When receiving treatment, it is crucial to refrain from oral sex or intercourse for at least seven days if you take a one-time antibiotic dose. If your prescribed course of antibiotics is longer, you should wait until you have taken all your medication before engaging in sexual activities.
It is important to continue taking your antibiotics for the complete course as prescribed, even if your symptoms have gone away. Stopping your medication early increases the risk of a recurrent infection.
Even if you finish your medication as prescribed, though, chlamydia still has a high recurrence rate, meaning it is possible to get this type of infection again even if you follow your treatment as prescribed.
When To See a Doctor?
Screening for chlamydia in the throat is not a standard part of STD testing, so if you have a sore throat that won’t go away or a partner who has tested positive for chlamydia that you have had oral sex with, it is often recommended to ask your doctor about screening for chlamydia in the throat.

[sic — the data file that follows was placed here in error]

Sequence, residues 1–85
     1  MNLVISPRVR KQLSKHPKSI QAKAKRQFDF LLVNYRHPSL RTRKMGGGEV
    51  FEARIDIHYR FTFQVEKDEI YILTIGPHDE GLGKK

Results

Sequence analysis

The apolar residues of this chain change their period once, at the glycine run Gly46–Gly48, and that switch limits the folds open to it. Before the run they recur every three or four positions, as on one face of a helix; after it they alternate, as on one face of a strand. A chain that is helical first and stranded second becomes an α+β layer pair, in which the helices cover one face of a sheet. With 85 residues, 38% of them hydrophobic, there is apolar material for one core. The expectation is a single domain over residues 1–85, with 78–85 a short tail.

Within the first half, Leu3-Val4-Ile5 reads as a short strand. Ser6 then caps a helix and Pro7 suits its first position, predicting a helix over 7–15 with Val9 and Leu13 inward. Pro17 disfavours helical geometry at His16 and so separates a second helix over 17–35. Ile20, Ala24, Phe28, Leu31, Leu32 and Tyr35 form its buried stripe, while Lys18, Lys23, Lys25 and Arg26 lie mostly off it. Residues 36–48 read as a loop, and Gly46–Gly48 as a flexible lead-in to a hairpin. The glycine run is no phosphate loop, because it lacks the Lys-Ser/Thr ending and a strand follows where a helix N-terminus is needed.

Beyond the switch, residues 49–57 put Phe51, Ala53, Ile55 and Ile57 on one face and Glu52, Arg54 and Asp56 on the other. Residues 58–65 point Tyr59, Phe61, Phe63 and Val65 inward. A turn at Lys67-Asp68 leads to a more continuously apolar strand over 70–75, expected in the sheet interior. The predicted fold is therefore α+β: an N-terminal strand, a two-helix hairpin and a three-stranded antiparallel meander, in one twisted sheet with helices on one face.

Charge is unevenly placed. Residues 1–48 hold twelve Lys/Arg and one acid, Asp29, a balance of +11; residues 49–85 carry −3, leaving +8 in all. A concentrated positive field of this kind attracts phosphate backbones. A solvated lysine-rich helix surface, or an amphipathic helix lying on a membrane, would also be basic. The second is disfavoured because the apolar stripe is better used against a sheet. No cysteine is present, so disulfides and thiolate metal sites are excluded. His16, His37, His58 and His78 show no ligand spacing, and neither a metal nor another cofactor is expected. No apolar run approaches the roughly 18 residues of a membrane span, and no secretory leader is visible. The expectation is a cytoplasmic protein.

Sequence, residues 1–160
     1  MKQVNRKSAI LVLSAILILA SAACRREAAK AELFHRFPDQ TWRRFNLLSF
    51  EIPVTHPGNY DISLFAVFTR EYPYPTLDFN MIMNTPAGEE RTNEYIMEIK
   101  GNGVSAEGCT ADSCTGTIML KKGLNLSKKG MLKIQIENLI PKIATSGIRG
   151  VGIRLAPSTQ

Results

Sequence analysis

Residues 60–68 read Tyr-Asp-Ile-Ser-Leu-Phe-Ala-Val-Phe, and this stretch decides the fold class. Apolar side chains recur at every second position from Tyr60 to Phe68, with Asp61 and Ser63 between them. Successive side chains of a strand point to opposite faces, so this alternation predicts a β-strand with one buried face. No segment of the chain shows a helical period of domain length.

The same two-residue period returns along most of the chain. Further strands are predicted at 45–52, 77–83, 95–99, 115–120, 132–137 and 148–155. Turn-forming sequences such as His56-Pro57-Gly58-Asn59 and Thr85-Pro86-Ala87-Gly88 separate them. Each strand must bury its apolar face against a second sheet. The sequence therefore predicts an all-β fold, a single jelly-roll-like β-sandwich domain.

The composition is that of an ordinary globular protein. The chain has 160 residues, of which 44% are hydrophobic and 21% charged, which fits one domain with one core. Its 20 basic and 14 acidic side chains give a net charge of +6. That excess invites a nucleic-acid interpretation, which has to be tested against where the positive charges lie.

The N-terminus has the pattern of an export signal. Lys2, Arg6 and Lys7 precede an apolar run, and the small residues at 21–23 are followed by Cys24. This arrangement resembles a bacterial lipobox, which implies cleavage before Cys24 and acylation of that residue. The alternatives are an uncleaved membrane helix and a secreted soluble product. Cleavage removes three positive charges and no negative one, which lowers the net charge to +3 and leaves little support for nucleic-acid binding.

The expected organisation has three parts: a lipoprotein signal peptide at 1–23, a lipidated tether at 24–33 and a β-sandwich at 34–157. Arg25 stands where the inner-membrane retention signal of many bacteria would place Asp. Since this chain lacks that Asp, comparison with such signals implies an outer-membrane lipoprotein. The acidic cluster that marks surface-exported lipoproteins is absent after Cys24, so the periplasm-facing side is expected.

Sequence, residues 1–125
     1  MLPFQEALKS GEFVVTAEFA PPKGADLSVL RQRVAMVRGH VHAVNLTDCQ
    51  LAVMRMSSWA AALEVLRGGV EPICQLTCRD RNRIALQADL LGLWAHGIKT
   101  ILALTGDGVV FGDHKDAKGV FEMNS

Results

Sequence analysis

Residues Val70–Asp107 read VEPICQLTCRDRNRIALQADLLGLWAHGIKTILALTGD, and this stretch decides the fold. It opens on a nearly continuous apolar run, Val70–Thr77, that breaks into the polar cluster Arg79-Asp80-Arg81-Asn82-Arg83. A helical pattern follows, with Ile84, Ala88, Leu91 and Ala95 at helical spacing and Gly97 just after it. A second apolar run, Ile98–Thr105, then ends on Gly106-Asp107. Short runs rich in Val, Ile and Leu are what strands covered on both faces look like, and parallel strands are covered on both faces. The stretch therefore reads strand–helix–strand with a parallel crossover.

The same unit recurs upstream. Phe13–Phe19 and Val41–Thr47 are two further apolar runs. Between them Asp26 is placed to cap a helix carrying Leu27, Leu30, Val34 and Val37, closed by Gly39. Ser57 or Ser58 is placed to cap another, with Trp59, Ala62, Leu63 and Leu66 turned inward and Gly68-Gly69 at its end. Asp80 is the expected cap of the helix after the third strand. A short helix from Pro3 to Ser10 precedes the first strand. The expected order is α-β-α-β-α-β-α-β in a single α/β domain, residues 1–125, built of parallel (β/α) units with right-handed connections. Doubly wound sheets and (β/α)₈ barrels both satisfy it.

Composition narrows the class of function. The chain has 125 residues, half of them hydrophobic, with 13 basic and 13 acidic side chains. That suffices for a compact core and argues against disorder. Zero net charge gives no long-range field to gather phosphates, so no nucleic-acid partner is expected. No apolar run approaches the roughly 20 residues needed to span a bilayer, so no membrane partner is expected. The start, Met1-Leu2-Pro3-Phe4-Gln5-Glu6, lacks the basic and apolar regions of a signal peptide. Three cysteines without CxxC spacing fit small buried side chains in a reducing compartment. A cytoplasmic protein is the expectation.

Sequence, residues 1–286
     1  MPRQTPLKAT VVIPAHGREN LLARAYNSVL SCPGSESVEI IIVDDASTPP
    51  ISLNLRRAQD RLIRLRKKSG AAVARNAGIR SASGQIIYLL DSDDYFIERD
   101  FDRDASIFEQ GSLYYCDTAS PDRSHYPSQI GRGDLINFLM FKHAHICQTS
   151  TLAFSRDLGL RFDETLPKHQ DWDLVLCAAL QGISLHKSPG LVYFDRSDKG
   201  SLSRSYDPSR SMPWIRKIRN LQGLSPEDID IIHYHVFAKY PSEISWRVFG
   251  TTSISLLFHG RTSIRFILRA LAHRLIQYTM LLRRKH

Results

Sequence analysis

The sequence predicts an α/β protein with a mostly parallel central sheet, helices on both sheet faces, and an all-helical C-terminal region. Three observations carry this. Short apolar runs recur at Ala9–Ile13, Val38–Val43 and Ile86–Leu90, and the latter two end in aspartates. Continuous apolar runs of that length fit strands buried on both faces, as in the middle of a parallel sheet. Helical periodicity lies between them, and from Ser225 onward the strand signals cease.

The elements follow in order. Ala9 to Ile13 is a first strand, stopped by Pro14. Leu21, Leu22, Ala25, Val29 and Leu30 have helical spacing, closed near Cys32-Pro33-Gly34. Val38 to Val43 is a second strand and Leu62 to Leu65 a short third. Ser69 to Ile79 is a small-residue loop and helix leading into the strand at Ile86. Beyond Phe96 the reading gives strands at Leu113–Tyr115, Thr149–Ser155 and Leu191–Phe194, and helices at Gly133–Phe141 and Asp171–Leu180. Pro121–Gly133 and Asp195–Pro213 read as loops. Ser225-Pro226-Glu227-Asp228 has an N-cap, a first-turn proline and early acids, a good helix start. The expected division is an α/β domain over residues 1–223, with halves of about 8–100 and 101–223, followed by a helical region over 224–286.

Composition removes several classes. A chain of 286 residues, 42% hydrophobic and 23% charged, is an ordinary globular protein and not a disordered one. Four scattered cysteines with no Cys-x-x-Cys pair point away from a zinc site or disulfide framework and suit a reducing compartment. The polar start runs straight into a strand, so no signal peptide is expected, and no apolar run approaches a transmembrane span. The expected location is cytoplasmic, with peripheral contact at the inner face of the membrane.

Your doctor may swab your throat to check for chlamydia, sending the swab to a laboratory that tests for the presence of DNA from the bacteria responsible for chlamydia.
If the test comes back positive for chlamydia, your doctor can get you started on antibiotics to clear the infection.
How Can DrHouse Help You?
With DrHouse you can start an on-demand video consultation with a qualified online doctor who can diagnose and treat your conditions.
Our telehealth service is reliable, secure, and convenient so that you can get the medical attention you need without having to leave your home. Our clinicians can help diagnose and treat your condition, as well as write you prescriptions if needed.
Get started today with DrHouse and you can get the medical care you need without having to wait for an appointment. Our video consultation service is available 24/7 and our qualified clinicians can provide the best care for your conditions.
Chlamydia is a common STD that results from bacterial infection of the genitals, rectum, or throat. It is spread through vaginal, oral, or anal sex with someone who has chlamydia, and while chlamydia most commonly infects the genitals, it can infect the throat.